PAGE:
Hockey “Fans”

Anyone that knows me on a personal level will tell you I have an undying passion for ice hockey. I grew up a hockey fan. My mom, my sister and I watched Gretzky retire when I was only 8 or 9, and cried the whole time. My golden birthday, when I turned 8, was the year I got my Federov jersey, and I wore it all the time, even though the hem brushed my knees.

I’ve always been a proud hockey fan. I’ve never hidden my love for it, and I’ve always stood by my teams, Pittsburgh and Detroit, even when I don’t appreciate the decisions they’re making. The Detroit Red Wings have been in the playoffs for 23 consecutive seasons, the longest run in professional sports. That’s something to be proud of, but they also have made many mistakes on the way. If their fans walked away from them when they had made those mistakes, would they have gone to the playoffs for all of these years? I doubt it.

This forces me to ask the question, why are Pittsburgh’s fans dropping their team at the first sign of trouble? The first round of the 2014 Stanley Cup Playoffs should have been an easy task for the Penguins. Set up to play the Columbus Blue Jackets, who had never won a single playoff game in franchise history, this was supposed to be a simple move to round two. Obviously, it hasn’t been easy, otherwise I wouldn’t be writing this. Somehow, Columbus has tied the series 2-2. Each of the four games has had one team up 3-1, and then dropped the lead to allow the other team to win. Four times in a row. Pittsburgh, Columbus, Pittsburgh, Columbus. In that order. It’s been such a yo-yo of a series, and Pittsburgh is pissed.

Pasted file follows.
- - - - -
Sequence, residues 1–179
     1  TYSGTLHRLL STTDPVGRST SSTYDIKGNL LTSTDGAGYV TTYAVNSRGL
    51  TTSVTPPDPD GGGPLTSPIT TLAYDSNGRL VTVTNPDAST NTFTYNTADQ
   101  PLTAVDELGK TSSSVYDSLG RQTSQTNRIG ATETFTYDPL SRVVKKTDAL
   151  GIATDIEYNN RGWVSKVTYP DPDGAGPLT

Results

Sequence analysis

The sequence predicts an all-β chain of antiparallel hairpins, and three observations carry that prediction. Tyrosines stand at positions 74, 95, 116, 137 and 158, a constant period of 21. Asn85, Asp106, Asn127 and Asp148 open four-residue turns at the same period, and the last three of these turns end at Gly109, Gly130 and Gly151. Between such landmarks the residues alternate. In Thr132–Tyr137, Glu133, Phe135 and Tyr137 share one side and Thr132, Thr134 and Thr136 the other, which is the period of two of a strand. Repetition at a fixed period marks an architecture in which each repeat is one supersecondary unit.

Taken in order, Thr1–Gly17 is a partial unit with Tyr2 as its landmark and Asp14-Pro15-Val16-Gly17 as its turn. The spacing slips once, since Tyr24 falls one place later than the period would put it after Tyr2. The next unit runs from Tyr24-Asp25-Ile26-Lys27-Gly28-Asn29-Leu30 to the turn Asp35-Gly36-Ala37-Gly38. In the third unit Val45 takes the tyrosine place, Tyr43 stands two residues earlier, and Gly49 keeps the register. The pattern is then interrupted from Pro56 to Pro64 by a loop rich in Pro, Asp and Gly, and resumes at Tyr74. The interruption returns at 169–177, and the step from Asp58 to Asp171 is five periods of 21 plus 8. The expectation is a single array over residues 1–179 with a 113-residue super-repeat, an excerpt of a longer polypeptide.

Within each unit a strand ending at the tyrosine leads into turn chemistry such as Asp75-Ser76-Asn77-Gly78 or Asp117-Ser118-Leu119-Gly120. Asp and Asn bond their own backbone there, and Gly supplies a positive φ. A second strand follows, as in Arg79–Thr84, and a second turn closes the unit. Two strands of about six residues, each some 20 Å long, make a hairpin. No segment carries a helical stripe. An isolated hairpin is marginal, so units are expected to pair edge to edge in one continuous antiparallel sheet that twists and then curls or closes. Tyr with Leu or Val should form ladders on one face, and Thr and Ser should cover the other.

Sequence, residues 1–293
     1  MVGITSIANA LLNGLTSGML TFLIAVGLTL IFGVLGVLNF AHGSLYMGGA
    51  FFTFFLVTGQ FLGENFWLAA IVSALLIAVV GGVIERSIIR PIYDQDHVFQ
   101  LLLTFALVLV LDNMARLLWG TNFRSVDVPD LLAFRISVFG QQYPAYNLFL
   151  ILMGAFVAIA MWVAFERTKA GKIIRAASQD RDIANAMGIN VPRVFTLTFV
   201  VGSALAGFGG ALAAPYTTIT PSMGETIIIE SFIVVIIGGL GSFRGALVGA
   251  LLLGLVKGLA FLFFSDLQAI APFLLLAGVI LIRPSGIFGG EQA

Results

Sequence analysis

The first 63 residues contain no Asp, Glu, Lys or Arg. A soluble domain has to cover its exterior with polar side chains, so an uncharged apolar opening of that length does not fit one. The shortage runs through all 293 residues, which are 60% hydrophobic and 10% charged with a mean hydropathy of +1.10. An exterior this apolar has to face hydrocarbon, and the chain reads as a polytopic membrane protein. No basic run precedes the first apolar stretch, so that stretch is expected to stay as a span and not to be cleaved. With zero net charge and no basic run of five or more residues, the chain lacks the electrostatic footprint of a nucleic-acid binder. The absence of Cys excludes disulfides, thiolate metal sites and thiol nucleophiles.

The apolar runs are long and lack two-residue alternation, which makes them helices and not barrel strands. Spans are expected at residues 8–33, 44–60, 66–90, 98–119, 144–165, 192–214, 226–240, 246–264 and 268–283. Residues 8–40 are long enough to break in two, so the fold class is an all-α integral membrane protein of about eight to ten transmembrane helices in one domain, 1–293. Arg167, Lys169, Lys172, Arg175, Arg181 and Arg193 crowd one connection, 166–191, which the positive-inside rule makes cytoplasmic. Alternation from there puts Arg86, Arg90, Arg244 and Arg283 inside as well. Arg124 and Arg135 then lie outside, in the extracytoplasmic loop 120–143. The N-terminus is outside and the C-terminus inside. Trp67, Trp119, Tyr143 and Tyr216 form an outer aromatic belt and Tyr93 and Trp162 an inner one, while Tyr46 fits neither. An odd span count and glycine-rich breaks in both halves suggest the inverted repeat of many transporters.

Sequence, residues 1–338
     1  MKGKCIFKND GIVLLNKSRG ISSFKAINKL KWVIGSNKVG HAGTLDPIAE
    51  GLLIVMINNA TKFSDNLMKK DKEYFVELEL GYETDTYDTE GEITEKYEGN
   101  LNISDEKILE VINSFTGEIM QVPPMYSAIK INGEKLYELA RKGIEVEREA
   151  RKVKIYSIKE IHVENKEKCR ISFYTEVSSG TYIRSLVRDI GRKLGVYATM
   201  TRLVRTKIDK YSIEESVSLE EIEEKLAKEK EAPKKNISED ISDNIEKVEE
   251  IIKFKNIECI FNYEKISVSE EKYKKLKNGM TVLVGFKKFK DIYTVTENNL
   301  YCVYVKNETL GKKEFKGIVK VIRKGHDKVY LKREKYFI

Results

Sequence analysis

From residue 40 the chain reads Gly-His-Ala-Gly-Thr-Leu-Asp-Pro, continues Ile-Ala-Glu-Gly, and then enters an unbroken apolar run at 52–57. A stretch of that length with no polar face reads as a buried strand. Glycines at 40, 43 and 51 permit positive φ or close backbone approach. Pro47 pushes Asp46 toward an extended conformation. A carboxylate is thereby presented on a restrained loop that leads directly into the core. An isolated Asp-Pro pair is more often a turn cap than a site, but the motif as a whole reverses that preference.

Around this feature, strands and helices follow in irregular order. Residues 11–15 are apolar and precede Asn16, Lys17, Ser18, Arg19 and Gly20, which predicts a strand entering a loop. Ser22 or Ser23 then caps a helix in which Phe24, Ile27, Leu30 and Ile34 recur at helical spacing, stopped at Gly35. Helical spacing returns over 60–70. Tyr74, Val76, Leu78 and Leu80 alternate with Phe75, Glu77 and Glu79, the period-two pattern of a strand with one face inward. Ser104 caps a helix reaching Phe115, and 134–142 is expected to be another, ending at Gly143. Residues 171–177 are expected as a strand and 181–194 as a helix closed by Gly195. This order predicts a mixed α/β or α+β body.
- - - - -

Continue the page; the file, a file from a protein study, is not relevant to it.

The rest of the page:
Recently, defenseman Kris Letang returned to play, only 10 weeks after suffering a stroke. He is in his late 20s. It seems crazy to even be living a normal life after a stroke, much less playing professional hockey in the playoffs. With that said, Letang has had some struggles since he has returned. Coach Bylsma has moved him to the third line after he took two bad penalties early in the series. Some “fans” have taken to Twitter with some downright hurtful things to say about Letang’s playoff performance thus far. Some people have even gone so far as to say he should just “have another stroke.”

These fans are NOT fans. Pittsburgh has a huge fan base, with hockey, football, and baseball, and it seems like a lot of these fans need to evaluate themselves and realize that being a fan isn’t about winning. Being a fan is about supporting your team, and watching them succeed, and sometimes fail. When they do fail, a fan is to continue supporting their team and show up a little louder next time.

Being hateful is crossing the line. I love my team, I support them through the losses. I am not happy with all of the decisions they’ve made in the playoffs so far, but I will NEVER say such hateful things towards the team I love. That’s not about sports, that’s not what sports are about. I cannot imagine turning on my team every time they lose, and every time they make poor decisions.

Marc-Andre Fleury has been outstanding this season, with amazing saves I can’t even begin to describe. However, one mistake in game 4 against Columbus, and fans are giving up on him. He left his net in the final 30 seconds of the game, Penguins were up by 1, and he just had to keep the lead, and the Penguins would have won. He made a mistake in leaving his net, because the Blue Jackets scored on a wide open net, forcing overtime. His confidence was shaken, and they lost the game in overtime.

These mistakes aren’t the only things causing the Penguins to lose in games they should be winning, statistically they were 5-0 against Columbus in the regular season. These mistakes are the ones that are making fans rear their ugly heads and scream in anger at a team they should love and support.

The bottom line is this: camaraderie is supposed to carry you through the wins and the losses. That’s what sports are about, and that’s what the Playoffs are about. Every game, teams win and lose together.

Don’t abandon your team just “Because it’s the Cup.”

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